BETHLEHEM —It’s been 20 years since a series of landslides swept more than 100,000 cubic feet of hillside land, several properties and half a parking lot along a stretch of Delaware Avenue in Delmar into the Normans Kill ravine.
The first major landslide happened on Tuesday, May 16, 2000 at around 2:30 p.m. between Delaware Plaza and the bridge between Bethlehem and Albany. The first signs of the landslide began at 11 a.m. that morning. A series of landslides occurred again between May 18 and June 10.
State Department of Transportation engineers attributed the landslides’ cause to “a massive soil failure.” Then-Bethlehem Town Supervisor Sheila Fuller declared a state of emergency two days after the first landslide and said, “Tuesday afternoon at 2:30 [p.m.], our lives changed.”
The landslides forced commuters to take alternative routes temporarily, especially Route 9W, as the four-lane stretch of Delaware Avenue was reduced to two lanes only. This caused traffic congestion along Route 9W in the evening rush hour between 4 and 7 p.m. Delaware Avenue reopened to four lanes again on November 8.
Police also patrolled the site immediately until November 12 and by October 20, the constant patrol’s overtime costs totaled more than $291,000.
It took six months to stabilize and clean up the area at a cost of more than $25 million.
The landslides also affected more than 250 businesses along that Delaware Avenue stretch. In the May 31, 2000 Spotlight News article on the landslides, then-Bethlehem Chamber President Marty Delaney said that the member businesses were deprived of 16,000 to 20,000 cars a day of drive-by traffic due to the road’s partial closure.
“My lunch crowd has dropped down dramatically,” said Delaware Plaza’s Subway manager Haim Ben Eliezer in that article too. “About 40 percent of my business [came from Albany]. Now I know it’s a lot of people. The moment they closed the road, I might as well have closed my doors.”
Hoffman’s Car Wash, Jiffy Lube and an Albany Medical Center finance department office building closed due to being just yards away from the most critical erosion — the latter lost about half of its parking lot too.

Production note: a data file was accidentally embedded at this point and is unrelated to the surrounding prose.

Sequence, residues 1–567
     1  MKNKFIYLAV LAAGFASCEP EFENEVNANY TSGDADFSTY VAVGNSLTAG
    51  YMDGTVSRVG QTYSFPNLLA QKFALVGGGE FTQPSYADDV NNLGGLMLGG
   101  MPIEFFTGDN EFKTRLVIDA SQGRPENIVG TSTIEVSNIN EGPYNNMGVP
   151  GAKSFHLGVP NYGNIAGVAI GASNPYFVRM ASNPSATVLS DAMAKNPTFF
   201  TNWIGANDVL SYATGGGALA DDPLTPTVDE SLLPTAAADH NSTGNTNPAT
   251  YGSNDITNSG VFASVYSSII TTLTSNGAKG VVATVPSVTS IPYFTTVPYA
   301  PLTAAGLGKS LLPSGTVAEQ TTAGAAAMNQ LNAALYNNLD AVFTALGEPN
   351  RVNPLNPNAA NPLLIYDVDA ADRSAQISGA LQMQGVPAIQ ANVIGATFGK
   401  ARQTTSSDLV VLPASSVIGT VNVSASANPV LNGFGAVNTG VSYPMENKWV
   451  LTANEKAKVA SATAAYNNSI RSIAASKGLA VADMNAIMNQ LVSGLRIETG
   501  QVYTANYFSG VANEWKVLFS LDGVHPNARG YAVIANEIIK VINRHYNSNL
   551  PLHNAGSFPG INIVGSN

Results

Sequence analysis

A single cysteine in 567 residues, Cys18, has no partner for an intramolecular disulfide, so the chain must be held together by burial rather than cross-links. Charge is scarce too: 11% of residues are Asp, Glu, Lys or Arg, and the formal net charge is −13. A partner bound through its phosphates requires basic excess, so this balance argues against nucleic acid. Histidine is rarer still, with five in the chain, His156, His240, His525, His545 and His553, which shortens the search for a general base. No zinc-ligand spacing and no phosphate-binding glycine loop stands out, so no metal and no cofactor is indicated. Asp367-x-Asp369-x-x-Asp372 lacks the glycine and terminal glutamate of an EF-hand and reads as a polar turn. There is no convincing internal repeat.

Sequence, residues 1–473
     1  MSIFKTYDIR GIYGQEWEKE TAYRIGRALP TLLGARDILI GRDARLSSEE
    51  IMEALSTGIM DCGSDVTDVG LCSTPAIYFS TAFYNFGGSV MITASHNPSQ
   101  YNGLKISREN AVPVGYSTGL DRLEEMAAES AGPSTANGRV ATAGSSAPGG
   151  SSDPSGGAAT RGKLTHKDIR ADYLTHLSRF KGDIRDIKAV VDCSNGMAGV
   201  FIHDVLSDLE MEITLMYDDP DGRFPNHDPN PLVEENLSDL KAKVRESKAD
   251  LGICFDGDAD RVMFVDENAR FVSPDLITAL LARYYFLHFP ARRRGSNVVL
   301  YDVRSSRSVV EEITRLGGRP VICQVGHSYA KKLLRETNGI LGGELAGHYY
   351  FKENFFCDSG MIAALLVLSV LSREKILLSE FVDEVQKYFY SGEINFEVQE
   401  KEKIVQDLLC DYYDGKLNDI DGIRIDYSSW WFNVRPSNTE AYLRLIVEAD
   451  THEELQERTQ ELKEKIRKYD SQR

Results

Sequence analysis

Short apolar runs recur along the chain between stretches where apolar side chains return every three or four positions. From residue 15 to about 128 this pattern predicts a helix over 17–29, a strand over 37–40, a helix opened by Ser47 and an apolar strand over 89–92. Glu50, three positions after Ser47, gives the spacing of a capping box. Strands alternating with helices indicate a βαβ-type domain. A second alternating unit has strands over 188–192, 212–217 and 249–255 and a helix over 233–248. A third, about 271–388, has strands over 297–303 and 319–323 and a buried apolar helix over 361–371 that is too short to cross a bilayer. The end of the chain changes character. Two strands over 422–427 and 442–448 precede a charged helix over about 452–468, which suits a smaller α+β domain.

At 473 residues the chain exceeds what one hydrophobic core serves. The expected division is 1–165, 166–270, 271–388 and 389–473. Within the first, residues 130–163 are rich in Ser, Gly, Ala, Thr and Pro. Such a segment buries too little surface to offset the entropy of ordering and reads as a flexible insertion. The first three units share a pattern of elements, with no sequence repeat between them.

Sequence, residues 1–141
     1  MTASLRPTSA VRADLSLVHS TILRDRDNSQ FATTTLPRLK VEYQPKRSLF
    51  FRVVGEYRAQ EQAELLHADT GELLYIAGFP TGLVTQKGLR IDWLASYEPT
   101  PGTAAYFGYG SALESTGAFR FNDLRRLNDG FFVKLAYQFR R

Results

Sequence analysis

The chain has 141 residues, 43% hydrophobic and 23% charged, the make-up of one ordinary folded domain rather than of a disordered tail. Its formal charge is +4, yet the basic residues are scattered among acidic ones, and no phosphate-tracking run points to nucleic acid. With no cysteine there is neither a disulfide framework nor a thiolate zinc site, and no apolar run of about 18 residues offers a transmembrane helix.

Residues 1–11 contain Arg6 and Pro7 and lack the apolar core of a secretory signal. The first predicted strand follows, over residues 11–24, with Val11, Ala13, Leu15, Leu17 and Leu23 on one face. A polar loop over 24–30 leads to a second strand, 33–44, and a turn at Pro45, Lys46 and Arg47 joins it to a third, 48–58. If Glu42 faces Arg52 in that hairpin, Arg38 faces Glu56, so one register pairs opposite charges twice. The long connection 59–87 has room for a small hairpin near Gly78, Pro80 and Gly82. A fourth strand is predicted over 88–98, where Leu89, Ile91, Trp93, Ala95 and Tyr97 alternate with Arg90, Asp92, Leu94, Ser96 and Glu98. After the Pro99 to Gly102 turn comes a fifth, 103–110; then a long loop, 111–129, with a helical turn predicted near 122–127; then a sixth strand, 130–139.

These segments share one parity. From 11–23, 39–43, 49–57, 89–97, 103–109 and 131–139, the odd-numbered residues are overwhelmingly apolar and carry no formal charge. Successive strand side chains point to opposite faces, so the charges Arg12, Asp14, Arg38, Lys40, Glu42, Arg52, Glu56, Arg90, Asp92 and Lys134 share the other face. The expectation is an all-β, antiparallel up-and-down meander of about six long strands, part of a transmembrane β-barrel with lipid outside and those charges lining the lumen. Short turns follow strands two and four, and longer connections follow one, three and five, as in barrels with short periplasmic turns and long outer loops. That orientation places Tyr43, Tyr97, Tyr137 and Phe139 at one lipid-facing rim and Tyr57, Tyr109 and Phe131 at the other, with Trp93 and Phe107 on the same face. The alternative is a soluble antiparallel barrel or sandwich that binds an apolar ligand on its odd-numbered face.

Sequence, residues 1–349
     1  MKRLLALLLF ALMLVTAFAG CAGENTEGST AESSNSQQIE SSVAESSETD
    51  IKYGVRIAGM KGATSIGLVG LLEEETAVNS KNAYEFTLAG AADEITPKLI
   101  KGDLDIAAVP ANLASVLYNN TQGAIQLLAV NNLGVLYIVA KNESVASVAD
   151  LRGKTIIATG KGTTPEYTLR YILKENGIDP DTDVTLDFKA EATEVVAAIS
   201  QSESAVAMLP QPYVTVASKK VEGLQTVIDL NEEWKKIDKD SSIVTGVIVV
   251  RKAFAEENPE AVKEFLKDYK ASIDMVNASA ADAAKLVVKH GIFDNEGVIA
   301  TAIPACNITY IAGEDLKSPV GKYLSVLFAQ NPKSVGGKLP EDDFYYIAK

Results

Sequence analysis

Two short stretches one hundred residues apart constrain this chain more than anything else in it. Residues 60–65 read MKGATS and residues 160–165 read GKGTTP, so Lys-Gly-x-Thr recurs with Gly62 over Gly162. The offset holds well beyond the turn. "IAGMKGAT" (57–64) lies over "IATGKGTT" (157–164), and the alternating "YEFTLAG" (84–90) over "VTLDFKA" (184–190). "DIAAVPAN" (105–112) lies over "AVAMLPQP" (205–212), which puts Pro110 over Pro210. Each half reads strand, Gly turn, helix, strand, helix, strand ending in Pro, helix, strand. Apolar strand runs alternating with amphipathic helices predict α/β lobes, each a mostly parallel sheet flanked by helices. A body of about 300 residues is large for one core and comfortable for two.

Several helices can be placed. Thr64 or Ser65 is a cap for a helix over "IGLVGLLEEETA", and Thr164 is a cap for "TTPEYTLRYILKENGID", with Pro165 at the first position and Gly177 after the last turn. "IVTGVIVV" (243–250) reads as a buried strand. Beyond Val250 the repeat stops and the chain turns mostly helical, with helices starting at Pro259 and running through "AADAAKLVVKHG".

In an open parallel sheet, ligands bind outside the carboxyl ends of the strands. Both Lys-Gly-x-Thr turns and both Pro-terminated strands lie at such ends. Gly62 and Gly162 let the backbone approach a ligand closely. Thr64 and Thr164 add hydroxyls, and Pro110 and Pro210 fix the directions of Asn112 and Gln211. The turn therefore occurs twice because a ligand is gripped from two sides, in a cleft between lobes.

Resident Maria Buono-Dominitz wrote on Facebook last week that she remembered the California Produce Marketplace, a fruit and vegetable market owned by resident Anthony Battaglia at 65 Delaware Ave. that opened a week before the landslide.
“[It] was once there and was swept down with the landslide,” she wrote. “It was there one day, then gone the next.”
Before the California Produce Marketplace’s short life, the property used to be where Bob’s Produce was located, which sold fruits, vegetables, fruit baskets and Christmas trees.
Resident Sherri Shafer wrote on Facebook that her grandfather, Charles Shafer, originally opened Bob’s Produce in 1952 in Albany and sold the business to her father, Robert Shafer, in 1979. It eventually moved to Delmar and was renamed Tri-Village Fruit Market.
However, it closed in 1998.
“The week prior to the landslide, I drove past with my boyfriend and said as a joke, ‘there’s my dad’s old store, it’ll be down the bank someday, don’t [you] know,’” she wrote. “One of those moments that I just couldn’t make up. I knew the bank would drop a little each year. I never would have imagined my joke would have become a reality.”
A special business information meeting was hosted by Fuller and Delaney on May 25, 2000 at Town Hall, nine days after the first major landslide. Business owners expressed concerns about the lack of easy access via Delaware Avenue which discouraged customers from patronizing their businesses and affected their bottom lines.
About 35 businesses applied for emergency grants totaling $290,000 under the Bethlehem Landslide Recovery Program that was announced by then-Gov. George Pataki.
The topic of local businesses worried about lane closures, less customer traffic and natural phenomena continues to this day, like with the Delaware Avenue Complete Streets Project and the COVID-19 pandemic.
Dozens of local business owners met with town officials during a town meeting at the Normanside Country Club earlier this March. Many were concerned about the Delaware Avenue Complete Streets Project, the road’s upcoming construction, traffic rerouting, the road’s restriping, road safety and the potential negative impact on their businesses.
Later in early April, the Bethlehem Chamber revealed that due to COVID-19, a survey found that 40 of 90 surveyed businesses were at risk of closing, 86 reported a negative economic impact, 40 had laid off employees and 31 were experiencing supply chain issues.
Despite the passage of time, it shows how important Delaware Avenue and local businesses, regardless of location, remain to the town and its residents.